The attributes are usually an abbreviation or mnemonic for a typical characteristic. For instance, dc stands for domain component and cn stands for common name. These abbreviations can be used in several locations within the tree and may not be specific to each entry within each entry.
Because the structure of an LDAP directory can be different at each site, you have to tell any LDAP client where to find an entry. To request a particular entry, the client uses the logical path to the entry or the distinguished name (dn). This is similar to an absolute path in the Mac OS X file system. Here is an example of the dn for Warren Peece:
The structure of the LDAP hierarchy is defined by the distinguished names.
In addition, one or more attributes in an entry can be used as the name of the entry itself. This is the entry’s relative distinguished name (rdn), which is similar to a relative path in the Mac OS X file system. For example
refers to all the attribute/value pairs in that entry.
LDAP Search Parameters
When a requestor (such as a login window) asks for data, some parameters must be defined.
The search base is the point in the tree where the requestor starts the search. For instance, the client might want to start searching at the entry cn=users. If this is the case, then the search base would be defined as
The scope defines how deep to go in the search. For instance, the search could be limited to the same level the search started, limited to the same level and one level below, or open to all levels below the one where the search started. This becomes important when searching a large LDAP database or using applications that frequently query the database. Walking down the entire tree consumes processor cycles and RAM, which can be avoided by refining the scope of the search.
Finally, a filter specifies the item that is being searched for. In Mac OS X, the filter is automatically constructed by the LDAPv3 plug-in. Filters, like scopes, can decrease the load on the directory by not searching entries that do not fit certain criteria. For example, a request might be made to find any cn entries under cn=users. However, since the information under cn=users may or may not be only user information, you can narrow the search to save time, which you’re about to learn how to do.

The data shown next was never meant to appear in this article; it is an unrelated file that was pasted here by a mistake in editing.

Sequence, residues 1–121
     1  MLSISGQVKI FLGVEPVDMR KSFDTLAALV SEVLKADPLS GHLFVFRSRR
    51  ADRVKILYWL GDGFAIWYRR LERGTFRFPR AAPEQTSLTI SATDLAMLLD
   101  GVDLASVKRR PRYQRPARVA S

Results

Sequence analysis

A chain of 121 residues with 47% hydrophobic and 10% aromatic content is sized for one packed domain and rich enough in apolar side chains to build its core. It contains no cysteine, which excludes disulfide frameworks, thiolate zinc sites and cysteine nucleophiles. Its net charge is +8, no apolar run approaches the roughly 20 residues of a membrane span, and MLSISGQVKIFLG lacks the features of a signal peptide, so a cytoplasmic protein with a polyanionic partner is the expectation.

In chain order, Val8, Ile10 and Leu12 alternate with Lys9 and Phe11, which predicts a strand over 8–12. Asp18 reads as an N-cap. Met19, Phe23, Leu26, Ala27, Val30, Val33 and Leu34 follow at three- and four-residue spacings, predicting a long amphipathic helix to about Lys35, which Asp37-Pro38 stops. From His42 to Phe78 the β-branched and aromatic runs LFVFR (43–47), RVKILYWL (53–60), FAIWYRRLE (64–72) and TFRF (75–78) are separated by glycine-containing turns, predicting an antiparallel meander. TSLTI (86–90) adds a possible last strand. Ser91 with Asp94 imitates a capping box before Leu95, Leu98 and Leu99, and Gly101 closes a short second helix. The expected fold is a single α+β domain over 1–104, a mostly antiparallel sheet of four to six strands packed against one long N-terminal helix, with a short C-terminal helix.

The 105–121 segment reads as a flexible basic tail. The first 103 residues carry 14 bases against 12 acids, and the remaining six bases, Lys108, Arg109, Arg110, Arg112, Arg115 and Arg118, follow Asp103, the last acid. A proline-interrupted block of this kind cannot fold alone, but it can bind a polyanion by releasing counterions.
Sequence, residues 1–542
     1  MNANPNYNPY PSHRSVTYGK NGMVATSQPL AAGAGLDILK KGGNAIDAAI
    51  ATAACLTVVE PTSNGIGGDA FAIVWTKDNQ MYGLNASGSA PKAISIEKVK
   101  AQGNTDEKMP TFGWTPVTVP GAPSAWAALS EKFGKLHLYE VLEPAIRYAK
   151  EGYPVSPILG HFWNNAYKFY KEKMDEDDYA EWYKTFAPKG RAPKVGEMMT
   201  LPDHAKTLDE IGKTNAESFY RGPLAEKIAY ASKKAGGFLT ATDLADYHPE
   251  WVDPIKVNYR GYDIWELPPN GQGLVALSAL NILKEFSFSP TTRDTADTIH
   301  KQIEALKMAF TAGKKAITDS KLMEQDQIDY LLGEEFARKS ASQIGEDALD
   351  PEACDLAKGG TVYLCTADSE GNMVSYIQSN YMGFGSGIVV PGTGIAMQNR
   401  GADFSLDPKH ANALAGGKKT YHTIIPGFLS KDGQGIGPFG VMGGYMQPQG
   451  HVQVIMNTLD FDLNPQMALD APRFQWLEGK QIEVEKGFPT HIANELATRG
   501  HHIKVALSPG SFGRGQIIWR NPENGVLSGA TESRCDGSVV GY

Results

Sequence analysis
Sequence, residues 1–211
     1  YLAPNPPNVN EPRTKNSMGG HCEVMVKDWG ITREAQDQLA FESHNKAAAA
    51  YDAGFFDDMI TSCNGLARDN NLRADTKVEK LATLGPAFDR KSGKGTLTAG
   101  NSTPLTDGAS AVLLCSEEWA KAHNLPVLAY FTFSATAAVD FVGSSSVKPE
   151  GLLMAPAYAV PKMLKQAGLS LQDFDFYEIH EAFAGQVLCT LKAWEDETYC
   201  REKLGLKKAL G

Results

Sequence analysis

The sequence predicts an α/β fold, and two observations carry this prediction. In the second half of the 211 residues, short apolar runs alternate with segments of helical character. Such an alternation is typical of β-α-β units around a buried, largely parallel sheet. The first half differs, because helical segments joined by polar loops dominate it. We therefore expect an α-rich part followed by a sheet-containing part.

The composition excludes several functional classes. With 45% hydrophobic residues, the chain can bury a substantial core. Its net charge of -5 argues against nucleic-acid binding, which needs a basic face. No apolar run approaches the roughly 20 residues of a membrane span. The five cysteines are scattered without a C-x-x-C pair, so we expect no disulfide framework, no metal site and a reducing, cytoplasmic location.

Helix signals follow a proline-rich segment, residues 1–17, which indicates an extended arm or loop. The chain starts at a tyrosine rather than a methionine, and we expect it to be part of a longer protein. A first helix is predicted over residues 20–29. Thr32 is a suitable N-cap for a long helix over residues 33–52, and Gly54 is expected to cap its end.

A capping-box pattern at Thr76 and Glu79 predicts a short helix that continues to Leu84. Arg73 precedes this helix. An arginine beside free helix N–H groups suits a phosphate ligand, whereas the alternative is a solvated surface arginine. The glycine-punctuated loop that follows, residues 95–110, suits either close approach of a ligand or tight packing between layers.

LDAP Search Transactions
When searching the LDAP directory with a tool such as ldapsearch, you would limit the request by specifying the search base and filter. The following figure demonstrates how to search for the mount entries in the LDAP directory on mainserver.pretendco.com.
Breaking down the line of code in the figure above, you can see it does the following:
- The -LLL option specifies that you want the output to be in standard LDAP Interchange Format (LDIF).
- The -x option tells ldapsearch to make a simple (non-SASL) bind to the directory.
- The -H option is used to specify the server (by URL) hosting the LDAP directory.
- The -b option is used to specify the search base. In this figure, the filter specifies that you are looking for any entries where the objectClass attribute is equal to apple-group.
At the end of the search command, you can specify which attributes you want displayed from the resulting entries. In this case, the attributes are the common name and the objectClass. By default, the search is performed at the level indicated by the search base and in all subtrees.
The results of the search are a listing of all the group entries (the dn, cn, and objectClass attributes listed) at the dc=mainserver,dc=pretendco,dc=com level and below. The information is displayed in standard LDIF.
You can also use the ldapsearch command to display information about the root or base dn of an LDAP tree. For example,
ldapsearch -h "10.1.0.1" -x -a never -s base supportedSASLMechanisms namingContexts supportedLDAPVersion
will display the names of the SASL mechanisms, the naming contexts, and the versions of the LDAP protocol that are supported by the server named 10.1.0.1.